Switch adapting toys - changing switching mechanisms

Thread Starter

Sstanier

Joined Mar 4, 2019
17
Hi folks,
This is my first move from lurking. I switch adapt standard off the shelf battery operated toys so they can be operated by children with severe disabilities with a simple push button style switch connected by a 3.5mm mono jack. It’s very much “learn as you go” because I don’t have any electronics training (which also means really technical answers are going to go right over my head)
The question I have is: I am coming across toys which operate by LDR (for example). I am assuming the type of switch activation required is determined by the circuit board?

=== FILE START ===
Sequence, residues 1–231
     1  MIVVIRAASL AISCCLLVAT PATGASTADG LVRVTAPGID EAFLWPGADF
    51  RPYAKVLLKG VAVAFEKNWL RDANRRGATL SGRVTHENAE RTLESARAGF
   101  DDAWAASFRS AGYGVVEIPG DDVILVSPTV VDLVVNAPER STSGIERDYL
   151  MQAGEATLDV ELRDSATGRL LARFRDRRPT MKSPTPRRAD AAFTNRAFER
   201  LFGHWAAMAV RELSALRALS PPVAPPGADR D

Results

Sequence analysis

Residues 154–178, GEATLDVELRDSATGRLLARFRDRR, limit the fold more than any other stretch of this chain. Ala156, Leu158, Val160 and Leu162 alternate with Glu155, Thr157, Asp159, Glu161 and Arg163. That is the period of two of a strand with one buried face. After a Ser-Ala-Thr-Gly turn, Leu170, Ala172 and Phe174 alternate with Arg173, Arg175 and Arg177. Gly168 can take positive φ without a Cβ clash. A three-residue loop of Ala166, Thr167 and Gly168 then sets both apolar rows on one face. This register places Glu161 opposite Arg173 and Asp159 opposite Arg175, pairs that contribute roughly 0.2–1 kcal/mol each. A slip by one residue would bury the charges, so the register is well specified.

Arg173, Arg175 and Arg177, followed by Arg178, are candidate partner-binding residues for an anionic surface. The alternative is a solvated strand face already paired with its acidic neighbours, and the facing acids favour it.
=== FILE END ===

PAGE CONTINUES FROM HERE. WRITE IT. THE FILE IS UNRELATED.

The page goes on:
Is there a way I can change the switching mechanism so it can be operated by another switch type? Space is always an issue as most of them are like trying to work on an elephant in a shoebox.
Many thanks
 

djsfantasi

Joined Apr 11, 2010
6,506
Hi folks,
This is my first move from lurking. I switch adapt standard off the shelf battery operated toys so they can be operated by children with severe disabilities with a simple push button style switch connected by a 3.5mm mono jack. It’s very much “learn as you go” because I don’t have any electronics training (which also means really technical answers are going to go right over my head)
The question I have is: I am coming across toys which operate by LDR (for example). I am assuming the type of switch activation required is determined by the circuit board?
Is there a way I can change the switching mechanism so it can be operated by another switch type? Space is always an issue as most of them are like trying to work on an elephant in a shoebox.